And let's talk now with Daniel. Daniel is calling us from Davis in California.
DANIEL (Caller): Hello.
CONAN: Hello, Daniel, go ahead.
DANIEL: Hi. Well, first off, let me mention something for your previous caller, Barbara in Austin.
CONAN: I did my undergraduate work at U.T. Dallas, which works intensively with something called the Collier Center.
CONAN: I think she's actually in San Antonio, but go ahead.
DANIEL: Right, but it's Texas. And the Collier Center implants a large amount of cochlear implants. They're responsible for many implants around the world, so she might look them up to see if they have any resources in the Texas area to help her out.
DANIEL: Okay, anyway, the thing I wanted to mention is I'm a graduate student at Davis, and I'm currently becoming a vision scientist to go into the visual prosthetics world. And I wanted to point out that the issues that you're bringing up today with regards to cochlear implants are timely and if anything, they're going to become bigger issues in the future as we develop these similar devices for the visual – the blind community. They're going to have to start facing the same issues and addressing whether or not they actually want to deal with a visual prosthetic or continue to be blind. They also have a very rich, deep culture that is under appreciated by the general public.
CONAN: We talked about that with the author of a book called KAKAI, about his experience of going blind, macular degeneration. But please, Michael Chorost, go ahead.
Mr. CHOROST: Yeah, I think it's a fascinating issue that you bring up, because in fact, the core technology of cochlear implants is in part a great inspiration to the development of retinal implants.
Cochlear implants is essentially a neuro stimulator. It stimulates nerve endings inside the body. And a retinal implant is also a neuro stimulator, it just stimulates a different set of nerves. So the core technology is actually being ported over in some case in the development of retinal implants. But people who get retinal implants will by no means have normal vision. They will have to learn how to interpret what looks like this bizarrely meaningless set of blobs and lights and lines. It's going to look nothing like what the normally sighted people see.
So I was thinking that once the first set of people who've tend to blimp in to get retinal implants, their mentors will have to be deaf people, because we're used to interpreting narrow input in that manner.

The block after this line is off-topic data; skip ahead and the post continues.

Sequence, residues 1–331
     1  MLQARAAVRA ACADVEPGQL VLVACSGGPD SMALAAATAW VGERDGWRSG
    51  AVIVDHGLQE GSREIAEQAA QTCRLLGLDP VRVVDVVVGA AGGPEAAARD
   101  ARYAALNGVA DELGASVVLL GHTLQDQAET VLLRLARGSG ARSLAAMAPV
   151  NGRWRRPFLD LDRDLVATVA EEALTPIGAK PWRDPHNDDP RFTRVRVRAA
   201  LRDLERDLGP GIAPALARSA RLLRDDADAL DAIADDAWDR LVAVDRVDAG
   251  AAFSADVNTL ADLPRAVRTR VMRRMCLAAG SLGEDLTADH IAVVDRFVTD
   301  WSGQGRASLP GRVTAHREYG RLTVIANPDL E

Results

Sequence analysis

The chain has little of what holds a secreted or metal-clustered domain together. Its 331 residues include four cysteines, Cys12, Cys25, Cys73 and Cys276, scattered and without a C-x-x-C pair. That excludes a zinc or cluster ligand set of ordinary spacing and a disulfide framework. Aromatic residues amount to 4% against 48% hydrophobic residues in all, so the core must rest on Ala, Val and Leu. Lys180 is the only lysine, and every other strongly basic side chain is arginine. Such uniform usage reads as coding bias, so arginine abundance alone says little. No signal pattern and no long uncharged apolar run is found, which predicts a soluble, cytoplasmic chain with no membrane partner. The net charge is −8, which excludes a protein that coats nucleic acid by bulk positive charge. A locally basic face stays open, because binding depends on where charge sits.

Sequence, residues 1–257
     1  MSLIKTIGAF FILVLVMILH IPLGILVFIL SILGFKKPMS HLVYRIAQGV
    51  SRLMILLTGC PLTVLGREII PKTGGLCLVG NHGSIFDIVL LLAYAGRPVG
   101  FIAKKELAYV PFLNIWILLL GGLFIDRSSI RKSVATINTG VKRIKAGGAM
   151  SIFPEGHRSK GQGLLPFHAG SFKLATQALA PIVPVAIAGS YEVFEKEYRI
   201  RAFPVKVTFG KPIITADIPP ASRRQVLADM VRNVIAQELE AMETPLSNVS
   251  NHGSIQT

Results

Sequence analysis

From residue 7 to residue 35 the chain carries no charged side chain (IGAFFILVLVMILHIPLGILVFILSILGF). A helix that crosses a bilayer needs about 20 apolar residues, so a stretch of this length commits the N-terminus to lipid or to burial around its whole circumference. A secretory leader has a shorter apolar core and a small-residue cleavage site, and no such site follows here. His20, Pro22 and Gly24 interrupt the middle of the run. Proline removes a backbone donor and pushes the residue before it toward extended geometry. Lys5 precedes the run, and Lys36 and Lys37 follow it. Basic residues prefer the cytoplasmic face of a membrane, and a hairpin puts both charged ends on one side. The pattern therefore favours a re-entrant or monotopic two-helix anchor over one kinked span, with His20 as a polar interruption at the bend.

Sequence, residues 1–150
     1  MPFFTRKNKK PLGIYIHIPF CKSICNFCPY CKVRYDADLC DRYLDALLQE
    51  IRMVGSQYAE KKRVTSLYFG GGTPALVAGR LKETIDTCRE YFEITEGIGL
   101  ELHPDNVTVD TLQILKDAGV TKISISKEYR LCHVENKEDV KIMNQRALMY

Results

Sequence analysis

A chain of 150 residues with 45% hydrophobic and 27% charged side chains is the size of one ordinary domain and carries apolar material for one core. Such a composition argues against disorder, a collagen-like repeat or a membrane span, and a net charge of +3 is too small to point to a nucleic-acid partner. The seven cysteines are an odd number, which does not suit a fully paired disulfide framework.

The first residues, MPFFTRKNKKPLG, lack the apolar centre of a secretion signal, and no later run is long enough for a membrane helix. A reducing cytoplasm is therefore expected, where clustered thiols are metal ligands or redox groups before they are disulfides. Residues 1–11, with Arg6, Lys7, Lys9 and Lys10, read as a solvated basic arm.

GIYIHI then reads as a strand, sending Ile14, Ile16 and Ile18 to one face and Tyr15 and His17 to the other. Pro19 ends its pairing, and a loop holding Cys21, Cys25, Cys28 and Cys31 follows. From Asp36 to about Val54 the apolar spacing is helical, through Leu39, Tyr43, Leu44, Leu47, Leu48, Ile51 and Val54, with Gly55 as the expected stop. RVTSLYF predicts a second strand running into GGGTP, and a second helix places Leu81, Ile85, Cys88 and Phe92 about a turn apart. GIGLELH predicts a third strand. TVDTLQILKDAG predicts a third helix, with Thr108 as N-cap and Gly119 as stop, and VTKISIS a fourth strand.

CONAN: That's pretty interesting. Well, what do you think, Daniel?
DANIEL: I think that's dead on. We're working on getting the visual prosthetics into people, but they're not going to be seeing like we see for a long time, if ever.
CONAN: Yet, one thing that does become clear, Michael Chorost, is that despite the limitations of this technology now, technology is doing nothing but getting better.
Mr. CHOROST: It is absolutely getting better. The software is improving constantly. A cochlear implant is a computer. It's a computer that's implanted in your head. And like any computer, it can be upgraded. There is a new generation of software that Advance Bionics, the company that made my implants, has made. It's called the harmony system. And it actually creates seven virtual electrodes in between every physical electrode to give better frequency resolution. If that music simulation you've played earlier, if you played something similar in that system, it would sound quite a bit better. It would sound sharper, and it would sound clearer.
There is another way in which implants are getting better. The majority of people, there are about 100,000 cochlear implant users in the world. At this point, about 3,000 of them have an implant on both ears, about three percent. And research shows that people with two implants are substantially better at hearing noise and in localizing sound than people like myself who have only one implant. In other words, two ears are better than one.
CONAN: That's interesting. Daniel, thanks very much for the call.
DANIEL: Thank you very much.
CONAN: Bye-bye. Now, let's see if we can get last caller in. This is Erin. Erin, calling from Glen Cove in New York.
ERIN (Caller): Yeah, hello.
CONAN: Hi, Erin.
ERIN: Hi, this is Erin. I'm actually Heather Artinian's best friend.
CONAN: Oh, that's great.
ERIN: We're like practically sisters.
Mr. CHOROST: Wow. That's amazing.
CONAN: You were listening to her on the radio today?
ERIN: Yes. She was so excited to come and she told me all about it. And I went on your Web site, I e-mailed you four times and called like a million times, and I finally got through.
CONAN: Well, Erin, tell Heather that she was awesome. Okay.
ERIN: Yeah, I definitely will. I just wanted to say that the cochlear implant is a very good invention in my opinion. Because without that, Heather and I would've never have met. And she fits in with the hearing roads and so many kids in our school. Everyone loves here. She fits in perfectly. It's just an amazing invention, and I really think it like totally affected her life in a great way.
CONAN: Erin, thanks very much. Appreciate it.
ERIN: Thank you.
CONAN: So long. Michael Chorost, thank you for joining us today.
Mr. CHOROST: It's been my pleasure.
CONAN: Michael Chorost, the author of Rebuilt: My Journey Back to the Hearing World. He joined us from the studios of KQED in San Francisco.